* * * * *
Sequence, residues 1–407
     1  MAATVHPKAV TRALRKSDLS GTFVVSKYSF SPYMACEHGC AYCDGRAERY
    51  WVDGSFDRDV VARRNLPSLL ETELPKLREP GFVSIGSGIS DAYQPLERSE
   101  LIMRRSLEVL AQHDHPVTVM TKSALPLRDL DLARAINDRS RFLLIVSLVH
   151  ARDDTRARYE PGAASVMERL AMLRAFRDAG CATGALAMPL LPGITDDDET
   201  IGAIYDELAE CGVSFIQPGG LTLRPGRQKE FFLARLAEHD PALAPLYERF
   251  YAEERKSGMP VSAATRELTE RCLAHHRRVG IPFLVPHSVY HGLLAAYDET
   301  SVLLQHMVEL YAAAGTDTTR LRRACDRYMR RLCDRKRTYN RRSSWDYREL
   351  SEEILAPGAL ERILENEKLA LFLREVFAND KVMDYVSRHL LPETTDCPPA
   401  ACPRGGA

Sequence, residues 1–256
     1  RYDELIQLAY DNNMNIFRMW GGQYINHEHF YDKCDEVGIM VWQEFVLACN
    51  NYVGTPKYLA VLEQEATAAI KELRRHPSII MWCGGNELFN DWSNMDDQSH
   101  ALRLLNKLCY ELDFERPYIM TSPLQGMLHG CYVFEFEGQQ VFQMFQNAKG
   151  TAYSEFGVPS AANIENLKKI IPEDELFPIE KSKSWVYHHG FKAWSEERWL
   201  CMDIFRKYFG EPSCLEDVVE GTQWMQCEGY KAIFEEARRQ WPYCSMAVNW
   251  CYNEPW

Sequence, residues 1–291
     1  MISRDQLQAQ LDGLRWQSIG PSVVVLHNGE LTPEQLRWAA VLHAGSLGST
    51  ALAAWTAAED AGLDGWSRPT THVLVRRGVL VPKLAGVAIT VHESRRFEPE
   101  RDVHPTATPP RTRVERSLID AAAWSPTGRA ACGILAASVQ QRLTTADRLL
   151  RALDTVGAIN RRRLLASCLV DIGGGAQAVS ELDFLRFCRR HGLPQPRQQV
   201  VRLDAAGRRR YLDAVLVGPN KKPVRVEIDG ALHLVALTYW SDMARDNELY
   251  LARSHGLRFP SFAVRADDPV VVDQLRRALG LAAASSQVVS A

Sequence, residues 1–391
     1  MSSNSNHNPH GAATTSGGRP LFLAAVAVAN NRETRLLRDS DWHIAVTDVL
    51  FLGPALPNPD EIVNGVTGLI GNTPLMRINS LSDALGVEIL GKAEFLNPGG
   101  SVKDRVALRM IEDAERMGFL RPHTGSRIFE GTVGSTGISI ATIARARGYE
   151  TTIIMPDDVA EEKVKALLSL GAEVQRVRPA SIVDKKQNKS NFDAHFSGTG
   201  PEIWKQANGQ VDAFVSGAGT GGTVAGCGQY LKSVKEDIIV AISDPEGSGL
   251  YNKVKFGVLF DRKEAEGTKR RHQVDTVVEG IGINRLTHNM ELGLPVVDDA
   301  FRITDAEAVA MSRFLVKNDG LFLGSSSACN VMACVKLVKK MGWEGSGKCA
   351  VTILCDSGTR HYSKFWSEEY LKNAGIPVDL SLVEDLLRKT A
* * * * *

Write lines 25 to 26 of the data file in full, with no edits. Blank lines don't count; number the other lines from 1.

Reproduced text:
Sequence, residues 1–391
     1  MSSNSNHNPH GAATTSGGRP LFLAAVAVAN NRETRLLRDS DWHIAVTDVL